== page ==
Sergio Garcia completed a 4-0 team record this week as he and Luke Donald won the 15th and 16th holes to post a 2-and-1 victory over Phil Mickelson and David Toms in the first afternoon foursomes match.
Garcia is now a perfect 8-0 in foursomes in four career Ryder Cups.
For Mickelson, it ends a horrible team portion of the Ryder Cup. He went 0-3-1 and Toms was not much better as he went 0-2-1.
Tiger Woods and Jim Furyk earned some redemption from a Saturday morning fourball loss to Darren Clarke and Lee Westwood. The American pair, ranked first and third in the world, knocked off the Irish pair of Padraig Harrington and Paul McGinley, 3 and 2, in the foursomes.
Paul Casey recorded the sixth ace in Ryder Cup history in the Saturday foursomes. He aced the par-3 14th, which gave him and David Howell a 5-and-4 win over Stewart Cink and Zach Johnson.
Vaughn Taylor made his Ryder Cup debut for the American team Saturday afternoon. He and Chad Campbell valiantly earned a halve against the veteran team of Colin Montgomerie and Westwood.
Campbell rolled a long eagle putt into concession range, but Westwood had a chance to win the match outright. Montgomerie gave him 12 feet for eagle, but Westwood's putt narrowly missed the hole, meaning the teams earned half a point.
In the morning fourballs, the two superstar teams for the U.S. got trounced.
Woods and Furyk lost to Clarke and Westwood, 3 and 2, while Mickelson and Chris DiMarco got beat by Garcia and Jose Maria Olazabal by the same score.
Team rookie Johnson gave the Americans a lift in the fourballs. He recorded six birdies in his first 10 holes en route to a 2-and-1 win for himself and Scott Verplank against Harrington and Henrik Stenson.
Another first-timer, J.J. Henry, eagled the 16th and birdied 17 in the morning as he played with Cink against Casey and Robert Karlsson. Unfortunately for Henry, he three-putted the last for a par, while Casey kicked in a 5-footer for birdie to earn a halve.
If the U.S. is to come back on Sunday during the singles, they will match the largest final-day comeback in Ryder Cup history. The 1999 American team at Brookline came back from the same margin, which was the last time the U.S. won the Ryder Cup.
American captain Tom Lehman played a pivotal role in the comeback at Brookline. He led off on Sunday, hit every fairway en route to toppling Westwood to kickstart the rally.
Only three players on the U.S. side remain from that magical team - Woods, Mickelson and Furyk.
'It's imperative that we as a team get off to a quick start like we did in '99,' said Woods, who is 2-2 this week. 'In '99 I think we had six matches that we were up early and got points early, and hopefully we can do the same tomorrow.'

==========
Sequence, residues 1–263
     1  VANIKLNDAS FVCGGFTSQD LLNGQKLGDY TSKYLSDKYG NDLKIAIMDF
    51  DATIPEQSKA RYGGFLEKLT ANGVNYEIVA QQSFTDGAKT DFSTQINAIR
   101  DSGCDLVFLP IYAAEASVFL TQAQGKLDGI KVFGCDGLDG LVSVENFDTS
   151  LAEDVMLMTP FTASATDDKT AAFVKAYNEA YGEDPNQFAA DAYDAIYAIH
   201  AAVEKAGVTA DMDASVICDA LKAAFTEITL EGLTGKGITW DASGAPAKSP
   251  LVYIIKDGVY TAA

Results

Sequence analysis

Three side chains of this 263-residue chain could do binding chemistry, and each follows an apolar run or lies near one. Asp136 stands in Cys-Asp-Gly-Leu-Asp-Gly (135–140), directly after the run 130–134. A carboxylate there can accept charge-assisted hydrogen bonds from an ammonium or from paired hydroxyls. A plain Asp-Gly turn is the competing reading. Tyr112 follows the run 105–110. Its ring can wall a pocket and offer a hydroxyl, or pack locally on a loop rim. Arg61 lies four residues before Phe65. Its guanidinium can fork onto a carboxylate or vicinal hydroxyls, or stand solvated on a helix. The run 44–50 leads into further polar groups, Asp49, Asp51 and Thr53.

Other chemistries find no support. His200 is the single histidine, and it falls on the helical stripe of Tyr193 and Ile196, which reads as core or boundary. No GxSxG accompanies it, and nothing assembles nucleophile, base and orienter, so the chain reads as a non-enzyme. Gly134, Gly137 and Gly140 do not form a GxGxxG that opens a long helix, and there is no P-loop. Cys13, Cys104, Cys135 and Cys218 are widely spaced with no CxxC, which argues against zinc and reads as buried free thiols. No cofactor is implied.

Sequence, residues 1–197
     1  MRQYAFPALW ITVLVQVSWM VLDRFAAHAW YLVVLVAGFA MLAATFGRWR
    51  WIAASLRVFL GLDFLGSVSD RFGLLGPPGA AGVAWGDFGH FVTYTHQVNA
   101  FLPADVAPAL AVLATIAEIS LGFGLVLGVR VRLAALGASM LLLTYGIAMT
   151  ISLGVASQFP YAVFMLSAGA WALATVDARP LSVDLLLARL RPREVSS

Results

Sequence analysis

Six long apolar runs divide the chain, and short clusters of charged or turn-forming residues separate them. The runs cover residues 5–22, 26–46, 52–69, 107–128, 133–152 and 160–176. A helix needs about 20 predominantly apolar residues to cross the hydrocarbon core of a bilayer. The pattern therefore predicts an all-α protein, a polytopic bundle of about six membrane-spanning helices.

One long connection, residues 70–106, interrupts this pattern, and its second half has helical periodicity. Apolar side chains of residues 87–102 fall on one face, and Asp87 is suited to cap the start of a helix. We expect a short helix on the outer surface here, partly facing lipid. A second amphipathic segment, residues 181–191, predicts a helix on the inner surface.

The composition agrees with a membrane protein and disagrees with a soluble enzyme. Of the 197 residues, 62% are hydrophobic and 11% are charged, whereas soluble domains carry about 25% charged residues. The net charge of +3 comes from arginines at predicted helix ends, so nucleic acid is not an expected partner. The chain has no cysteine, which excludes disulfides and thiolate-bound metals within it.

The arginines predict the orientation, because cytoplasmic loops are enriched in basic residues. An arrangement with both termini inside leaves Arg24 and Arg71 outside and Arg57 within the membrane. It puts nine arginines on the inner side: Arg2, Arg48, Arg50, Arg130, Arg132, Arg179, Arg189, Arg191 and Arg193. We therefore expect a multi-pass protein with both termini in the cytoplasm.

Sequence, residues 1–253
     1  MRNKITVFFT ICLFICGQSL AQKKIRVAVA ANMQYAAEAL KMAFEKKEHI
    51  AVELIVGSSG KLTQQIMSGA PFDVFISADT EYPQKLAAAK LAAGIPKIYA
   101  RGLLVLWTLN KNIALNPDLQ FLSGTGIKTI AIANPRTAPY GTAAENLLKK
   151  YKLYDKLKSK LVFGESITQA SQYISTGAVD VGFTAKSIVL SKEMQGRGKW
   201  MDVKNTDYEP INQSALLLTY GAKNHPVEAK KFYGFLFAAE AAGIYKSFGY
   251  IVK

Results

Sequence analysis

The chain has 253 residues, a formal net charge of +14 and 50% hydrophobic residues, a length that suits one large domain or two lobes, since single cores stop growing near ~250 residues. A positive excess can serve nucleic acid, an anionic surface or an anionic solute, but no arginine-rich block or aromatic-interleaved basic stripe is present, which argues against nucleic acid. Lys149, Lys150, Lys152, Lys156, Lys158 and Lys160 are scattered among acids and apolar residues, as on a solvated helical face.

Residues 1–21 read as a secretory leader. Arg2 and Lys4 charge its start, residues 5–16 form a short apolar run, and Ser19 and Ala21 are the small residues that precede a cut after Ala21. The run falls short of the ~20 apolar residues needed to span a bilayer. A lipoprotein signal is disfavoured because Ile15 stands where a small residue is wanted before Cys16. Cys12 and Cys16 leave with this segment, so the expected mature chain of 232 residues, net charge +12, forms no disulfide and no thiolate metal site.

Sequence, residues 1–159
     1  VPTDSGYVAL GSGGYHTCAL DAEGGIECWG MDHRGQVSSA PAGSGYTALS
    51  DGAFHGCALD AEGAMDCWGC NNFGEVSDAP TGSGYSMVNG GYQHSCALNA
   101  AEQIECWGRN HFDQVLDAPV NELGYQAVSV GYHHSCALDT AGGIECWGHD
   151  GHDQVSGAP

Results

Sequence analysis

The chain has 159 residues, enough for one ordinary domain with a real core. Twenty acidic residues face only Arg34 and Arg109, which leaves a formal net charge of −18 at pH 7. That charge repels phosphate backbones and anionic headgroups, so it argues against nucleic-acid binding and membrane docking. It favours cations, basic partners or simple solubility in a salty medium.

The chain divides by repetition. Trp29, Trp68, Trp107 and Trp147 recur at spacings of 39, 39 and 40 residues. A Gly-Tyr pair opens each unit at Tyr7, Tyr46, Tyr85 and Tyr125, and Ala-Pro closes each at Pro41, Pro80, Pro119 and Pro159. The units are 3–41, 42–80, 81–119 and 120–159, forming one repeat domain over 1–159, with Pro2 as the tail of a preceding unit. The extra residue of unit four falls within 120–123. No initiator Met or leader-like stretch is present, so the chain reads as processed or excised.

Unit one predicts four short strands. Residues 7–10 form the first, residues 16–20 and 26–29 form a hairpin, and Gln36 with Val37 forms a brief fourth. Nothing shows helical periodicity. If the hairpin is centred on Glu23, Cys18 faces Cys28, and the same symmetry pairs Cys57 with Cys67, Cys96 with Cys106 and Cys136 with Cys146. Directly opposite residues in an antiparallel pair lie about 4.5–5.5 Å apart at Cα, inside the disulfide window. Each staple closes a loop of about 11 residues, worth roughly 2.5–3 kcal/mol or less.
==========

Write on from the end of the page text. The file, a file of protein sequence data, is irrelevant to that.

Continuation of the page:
The European team, which returns six players from Brookline, is keenly aware of the margin and what happened seven years prior.
'Unfortunately, the last time we were 10-6 up, you know the result in 1999,' said Montgomerie. 'We are not complacent at all. The Americans have always come out as favorites in singles. I believe we've got the strongest 12 singles players we've ever had in Europe and we have a great chance of winning this thing tomorrow.'
Montgomerie has been the leader on this team, but unquestionably the best European player this week has been Garcia. He and Donald moved 1-up Saturday afternoon after the Americans made a mess of the seventh.
The Europeans moved 2-up, but America came back. Toms sank a 10-foot birdie putt to win 13, then Garcia missed an 8-foot par putt to lose 14 and square the match.
Toms drove into the water at 15 to squash any momentum the U.S. built. They lost that hole, then Donald drained a 15-foot birdie putt to win the 16th. The teams halved 17 to give Europe the win.
'We came back nicely,' said Garcia. 'We snuck one in there in 16. It was a birdie that no one expected, but we managed to gut it out.'
Woods and Furyk showed some of the strong play that they showed Friday morning in their victory. Woods knocked a 7-iron to 8 feet at the fourth to set up a birdie putt by Furyk. The U.S. took the fifth to move 2-up.
The Irish pair closed the deficit twice, but never took the lead. McGinley kicked in a 2-footer for birdie to win the 12th and cut it 1-down. Harrington and McGinley bogeyed 13 to give the U.S. back its 2-up advantage.
Furyk rolled in a long birdie putt at 15 and McGinley could not hole out from a closer distance, so the Americans moved 3-up with three to play. Furyk lagged a birdie try close at 16 and the European side conceded the match.
The tightest match of the Saturday fourballs featured Campbell and Taylor versus Montgomerie and Westwood.
The European team built a 1-up lead through six, but the Americans won seven and 10 to move 1-up. Montgomerie holed a 7-foot birdie putt at 12 to square the match.
Much like Toms, Taylor drove into the pond at 15. The U.S. lost that hole, but came back to win the 17th with par, drawing even with the Europeans with one hole to play.
Westwood missed his eagle chance to win, settling for a disappointing halve.
'I wish that putt had gone in,' acknowledged Westwood, who also went undefeated with a 2-0-2 mark. 'We hit two fantastic shots to get to that position, just a shame I couldn't finish it off.'
Howell and Casey jumped all over their American counterparts. Europe won holes two through five to go 4-up and the Americans never got closer. Howell ran home a seven-foot birdie putt at 12 to move 5-up with six to play.
The Europeans were 5-up with five to go on the 213-yard, par-3 14th tee. Casey hit a 4-iron and watched the ball roll into the cup for the first ace at the Ryder Cup since Howard Clark in the 1995 Ryder Cup.
'That's my first hole in one in a professional tournament, much less in a Ryder Cup,' said Casey. 'It's remarkable. I mean, we played great golf today.'